12/06/2012 09:05 am ET Updated Feb 05, 2013

Social Media and Its War on Censorship

Five Asian nations (Sri Lanka, Burma, Vietnam, China and North Korea) are currently ranked in the bottom twenty of the World Press Freedom Index released by Reporters Without Borders.

Local media organizations in these countries are either owned by the state, have links to prominent political figures or are simply outright censored in the publication or production of their news. With control over the media near absolute, the need for social media is greater now more than ever.

Social media platforms such as Twitter and Facebook are being utilized more and more by journalists, activists and citizens as a medium for news and information. Yet, this still has a long way to go before it can be considered a feasible alternative to mainstream media.

In Sri Lanka government regulations over media took a turn for the worst, earlier this year, with the introduction of a law indicating that news agencies must register their websites. These new regulations were introduced shortly after the government banned several websites which were allegedly carrying articles which were defamatory about the president and his family.

Similar steps are being taken in other Asian nations which are seeing an increased crackdown on the media. In Burma, up until August this year, the Press Scrutiny and Registration Division was part of the Ministry of Information. Their job was plain and simple; to censor all news before it was published.

However, in August this year positive steps were taken by the Burmese government when they announced that journalists would no longer have to submit their work for censorship.

This is, in part, a reaction to the increased reliance placed on social media platforms by journalists in the country. The elections which were held in Burma in the first half of this year saw journalists exploit social media in reporting the results. To overcome the censorship laws, the media reported their news via Twitter and Facebook. This allowed the public and the rest of the world to get a clearer picture of what was going on at the ground level.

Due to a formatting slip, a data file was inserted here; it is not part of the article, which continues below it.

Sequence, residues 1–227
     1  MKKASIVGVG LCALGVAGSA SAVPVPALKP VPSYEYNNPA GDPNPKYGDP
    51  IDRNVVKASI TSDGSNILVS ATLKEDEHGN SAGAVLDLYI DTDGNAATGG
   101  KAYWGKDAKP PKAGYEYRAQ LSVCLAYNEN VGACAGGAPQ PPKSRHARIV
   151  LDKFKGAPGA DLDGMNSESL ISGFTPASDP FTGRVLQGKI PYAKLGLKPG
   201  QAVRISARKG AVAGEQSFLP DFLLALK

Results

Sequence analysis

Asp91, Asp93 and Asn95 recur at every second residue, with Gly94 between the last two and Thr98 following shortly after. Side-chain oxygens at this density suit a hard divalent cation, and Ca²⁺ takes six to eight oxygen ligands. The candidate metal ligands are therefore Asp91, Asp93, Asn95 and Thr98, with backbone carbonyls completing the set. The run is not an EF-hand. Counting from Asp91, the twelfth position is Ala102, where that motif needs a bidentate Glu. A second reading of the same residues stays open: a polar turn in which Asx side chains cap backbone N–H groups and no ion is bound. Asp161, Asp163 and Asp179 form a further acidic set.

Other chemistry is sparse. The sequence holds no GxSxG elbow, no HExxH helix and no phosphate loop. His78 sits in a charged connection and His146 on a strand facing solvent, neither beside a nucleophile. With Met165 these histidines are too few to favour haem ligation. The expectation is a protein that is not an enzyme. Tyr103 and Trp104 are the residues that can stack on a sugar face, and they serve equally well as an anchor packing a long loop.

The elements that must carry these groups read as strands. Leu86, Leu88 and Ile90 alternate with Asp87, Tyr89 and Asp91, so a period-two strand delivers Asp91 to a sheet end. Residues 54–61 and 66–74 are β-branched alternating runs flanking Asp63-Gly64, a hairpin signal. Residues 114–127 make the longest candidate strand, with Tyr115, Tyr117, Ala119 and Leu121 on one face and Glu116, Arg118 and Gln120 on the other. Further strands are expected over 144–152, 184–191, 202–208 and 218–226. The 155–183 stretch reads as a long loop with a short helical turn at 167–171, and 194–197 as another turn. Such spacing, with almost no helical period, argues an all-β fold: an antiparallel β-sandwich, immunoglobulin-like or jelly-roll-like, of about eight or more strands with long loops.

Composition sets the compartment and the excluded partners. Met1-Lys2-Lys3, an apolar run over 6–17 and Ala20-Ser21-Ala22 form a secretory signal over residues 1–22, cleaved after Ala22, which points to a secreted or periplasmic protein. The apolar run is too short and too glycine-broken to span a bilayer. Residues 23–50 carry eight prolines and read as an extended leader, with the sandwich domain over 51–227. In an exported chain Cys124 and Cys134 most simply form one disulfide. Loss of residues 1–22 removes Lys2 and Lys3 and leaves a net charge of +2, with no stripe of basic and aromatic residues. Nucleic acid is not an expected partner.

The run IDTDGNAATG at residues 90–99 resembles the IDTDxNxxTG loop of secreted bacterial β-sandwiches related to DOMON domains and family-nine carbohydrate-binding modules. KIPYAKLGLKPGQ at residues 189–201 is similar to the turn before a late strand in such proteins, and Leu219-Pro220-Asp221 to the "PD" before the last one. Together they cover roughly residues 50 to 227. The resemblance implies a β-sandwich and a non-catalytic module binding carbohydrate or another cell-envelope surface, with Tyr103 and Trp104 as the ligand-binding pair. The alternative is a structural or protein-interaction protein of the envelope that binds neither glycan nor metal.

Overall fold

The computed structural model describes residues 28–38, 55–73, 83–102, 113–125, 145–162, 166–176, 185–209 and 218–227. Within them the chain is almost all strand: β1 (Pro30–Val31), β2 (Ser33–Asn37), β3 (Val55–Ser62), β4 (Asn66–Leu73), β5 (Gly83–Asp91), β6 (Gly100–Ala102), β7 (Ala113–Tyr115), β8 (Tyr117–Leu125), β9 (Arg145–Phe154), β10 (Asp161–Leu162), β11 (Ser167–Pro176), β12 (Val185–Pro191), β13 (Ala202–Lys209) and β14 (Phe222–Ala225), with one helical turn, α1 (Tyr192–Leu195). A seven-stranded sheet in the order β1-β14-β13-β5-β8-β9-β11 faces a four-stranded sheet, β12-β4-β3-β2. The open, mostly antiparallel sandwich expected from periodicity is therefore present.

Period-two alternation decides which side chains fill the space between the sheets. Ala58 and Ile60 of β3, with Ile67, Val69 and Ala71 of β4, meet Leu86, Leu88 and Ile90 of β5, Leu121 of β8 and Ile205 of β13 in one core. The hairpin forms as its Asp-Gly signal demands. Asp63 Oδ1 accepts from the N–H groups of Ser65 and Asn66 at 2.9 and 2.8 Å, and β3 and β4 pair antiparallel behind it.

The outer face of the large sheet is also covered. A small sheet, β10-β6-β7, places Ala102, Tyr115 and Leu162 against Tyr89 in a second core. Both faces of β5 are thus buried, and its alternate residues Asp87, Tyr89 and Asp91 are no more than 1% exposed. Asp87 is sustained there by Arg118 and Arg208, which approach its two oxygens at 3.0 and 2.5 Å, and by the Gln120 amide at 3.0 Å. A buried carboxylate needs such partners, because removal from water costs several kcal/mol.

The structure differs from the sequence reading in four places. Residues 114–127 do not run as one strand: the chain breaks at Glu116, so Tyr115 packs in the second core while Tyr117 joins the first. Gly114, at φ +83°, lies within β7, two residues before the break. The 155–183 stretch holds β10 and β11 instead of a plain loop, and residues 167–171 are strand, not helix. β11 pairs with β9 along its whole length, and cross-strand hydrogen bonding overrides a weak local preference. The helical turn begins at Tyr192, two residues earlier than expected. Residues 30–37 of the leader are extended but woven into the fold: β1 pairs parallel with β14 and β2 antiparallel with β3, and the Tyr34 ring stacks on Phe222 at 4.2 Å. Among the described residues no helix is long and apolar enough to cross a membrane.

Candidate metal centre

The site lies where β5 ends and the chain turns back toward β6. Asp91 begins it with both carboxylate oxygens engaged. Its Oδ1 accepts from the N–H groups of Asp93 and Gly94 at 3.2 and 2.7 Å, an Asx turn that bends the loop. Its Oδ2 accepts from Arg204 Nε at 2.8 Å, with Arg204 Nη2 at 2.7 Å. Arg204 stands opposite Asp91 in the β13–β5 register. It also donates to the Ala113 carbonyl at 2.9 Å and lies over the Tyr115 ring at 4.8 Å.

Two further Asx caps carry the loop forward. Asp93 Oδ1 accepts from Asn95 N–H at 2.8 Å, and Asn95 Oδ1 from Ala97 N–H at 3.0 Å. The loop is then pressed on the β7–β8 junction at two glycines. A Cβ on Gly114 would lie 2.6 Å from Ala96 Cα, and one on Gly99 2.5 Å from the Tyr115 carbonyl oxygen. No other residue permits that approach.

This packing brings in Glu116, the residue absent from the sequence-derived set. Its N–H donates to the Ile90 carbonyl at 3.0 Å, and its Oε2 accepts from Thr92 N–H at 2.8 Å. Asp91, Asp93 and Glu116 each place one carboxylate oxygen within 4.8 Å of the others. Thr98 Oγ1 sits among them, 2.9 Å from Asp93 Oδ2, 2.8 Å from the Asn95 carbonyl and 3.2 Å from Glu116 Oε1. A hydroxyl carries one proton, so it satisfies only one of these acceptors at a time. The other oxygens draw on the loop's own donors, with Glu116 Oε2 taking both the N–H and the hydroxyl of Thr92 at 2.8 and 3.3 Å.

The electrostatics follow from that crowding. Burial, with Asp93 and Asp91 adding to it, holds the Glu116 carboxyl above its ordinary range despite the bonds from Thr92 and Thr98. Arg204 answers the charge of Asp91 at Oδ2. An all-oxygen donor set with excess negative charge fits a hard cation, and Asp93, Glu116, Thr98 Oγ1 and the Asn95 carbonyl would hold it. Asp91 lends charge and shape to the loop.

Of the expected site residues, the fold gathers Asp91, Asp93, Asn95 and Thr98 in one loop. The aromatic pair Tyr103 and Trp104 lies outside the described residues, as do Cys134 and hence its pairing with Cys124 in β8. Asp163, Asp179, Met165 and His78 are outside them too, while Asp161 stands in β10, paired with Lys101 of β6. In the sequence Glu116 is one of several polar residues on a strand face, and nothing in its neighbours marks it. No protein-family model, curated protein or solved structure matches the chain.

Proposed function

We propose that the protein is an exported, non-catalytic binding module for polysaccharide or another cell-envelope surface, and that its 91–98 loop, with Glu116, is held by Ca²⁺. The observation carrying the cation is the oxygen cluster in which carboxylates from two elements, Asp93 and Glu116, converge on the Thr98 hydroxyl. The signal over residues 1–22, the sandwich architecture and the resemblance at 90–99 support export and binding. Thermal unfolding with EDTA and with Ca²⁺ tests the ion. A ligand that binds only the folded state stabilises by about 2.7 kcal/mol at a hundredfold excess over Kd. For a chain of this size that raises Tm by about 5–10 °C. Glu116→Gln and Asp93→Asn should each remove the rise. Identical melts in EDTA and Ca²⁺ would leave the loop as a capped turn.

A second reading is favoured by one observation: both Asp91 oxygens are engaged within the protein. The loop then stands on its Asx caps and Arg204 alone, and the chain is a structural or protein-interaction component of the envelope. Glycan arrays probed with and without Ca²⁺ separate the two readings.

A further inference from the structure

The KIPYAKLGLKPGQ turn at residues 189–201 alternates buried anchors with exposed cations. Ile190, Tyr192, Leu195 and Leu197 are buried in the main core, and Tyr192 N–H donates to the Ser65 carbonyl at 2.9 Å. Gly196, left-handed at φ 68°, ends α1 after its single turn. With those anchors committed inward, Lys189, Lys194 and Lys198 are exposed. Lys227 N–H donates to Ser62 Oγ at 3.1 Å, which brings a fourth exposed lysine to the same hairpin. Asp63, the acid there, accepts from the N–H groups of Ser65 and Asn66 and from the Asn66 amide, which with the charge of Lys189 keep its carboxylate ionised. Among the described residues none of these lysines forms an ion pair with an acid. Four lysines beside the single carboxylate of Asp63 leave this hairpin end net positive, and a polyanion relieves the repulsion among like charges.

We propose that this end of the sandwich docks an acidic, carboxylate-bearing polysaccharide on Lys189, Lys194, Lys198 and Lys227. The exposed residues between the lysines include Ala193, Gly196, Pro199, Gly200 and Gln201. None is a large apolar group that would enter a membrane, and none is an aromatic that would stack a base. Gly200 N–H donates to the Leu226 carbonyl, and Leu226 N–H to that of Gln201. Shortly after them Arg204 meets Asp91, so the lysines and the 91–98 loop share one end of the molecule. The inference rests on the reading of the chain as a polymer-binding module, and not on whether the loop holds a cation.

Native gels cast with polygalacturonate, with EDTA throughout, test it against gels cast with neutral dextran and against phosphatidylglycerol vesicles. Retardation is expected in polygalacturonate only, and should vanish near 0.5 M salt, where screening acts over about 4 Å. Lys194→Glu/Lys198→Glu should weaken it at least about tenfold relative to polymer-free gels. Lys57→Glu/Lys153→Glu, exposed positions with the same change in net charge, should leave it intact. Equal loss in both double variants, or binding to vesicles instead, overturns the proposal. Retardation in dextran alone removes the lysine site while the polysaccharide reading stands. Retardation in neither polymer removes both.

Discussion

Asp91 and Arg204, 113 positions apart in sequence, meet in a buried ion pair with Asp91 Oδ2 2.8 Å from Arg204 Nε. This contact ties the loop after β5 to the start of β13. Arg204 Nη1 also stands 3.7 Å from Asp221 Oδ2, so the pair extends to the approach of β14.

The decision by the government to relax the censorship of media is certainly a victory, and one which can be traced back to the use of social media.

Of course shifting the news to social media in these countries is not as easy as it would seem. In China, the government has cracked down on social media platforms blocking sites such as Facebook and Twitter. The authorities went one step further and introduced their own social media platform, Weibo, a highly controlled micro-blogging website. This allows China's citizens to keep pace with the growing world of the internet, while ensuring its content is regulated.

In Vietnam, the situation is not as bleak; the crackdown on the social media websites has been anything but successful. Most journalists and citizens have been able to bypass the bans, allowing themselves to create a virtual society free of censorship. In fact, despite the ban on Facebook, Vietnam has over nine million users, leaving it 23rd in the list of countries using the site.

While citizens from these countries are demonstrating varying degrees of success in the use of social media, there is still much to be done.

The Arab Spring was a shining example of how strong social media can be when used effectively. While social media was certainly not the starting point of the uprisings across the Middle East, it played an invaluable role in spreading the message. Twitter, Facebook and YouTube were all effectively utilized in organizing protests, reporting news that would have otherwise been censored and gathering support from the rest of the world.

Social media users in the Middle East left state censors overwhelmed and unable to do their job.

If the war on media censorship in Asia is to be won, it must be done through the use of tools such as these social media platforms.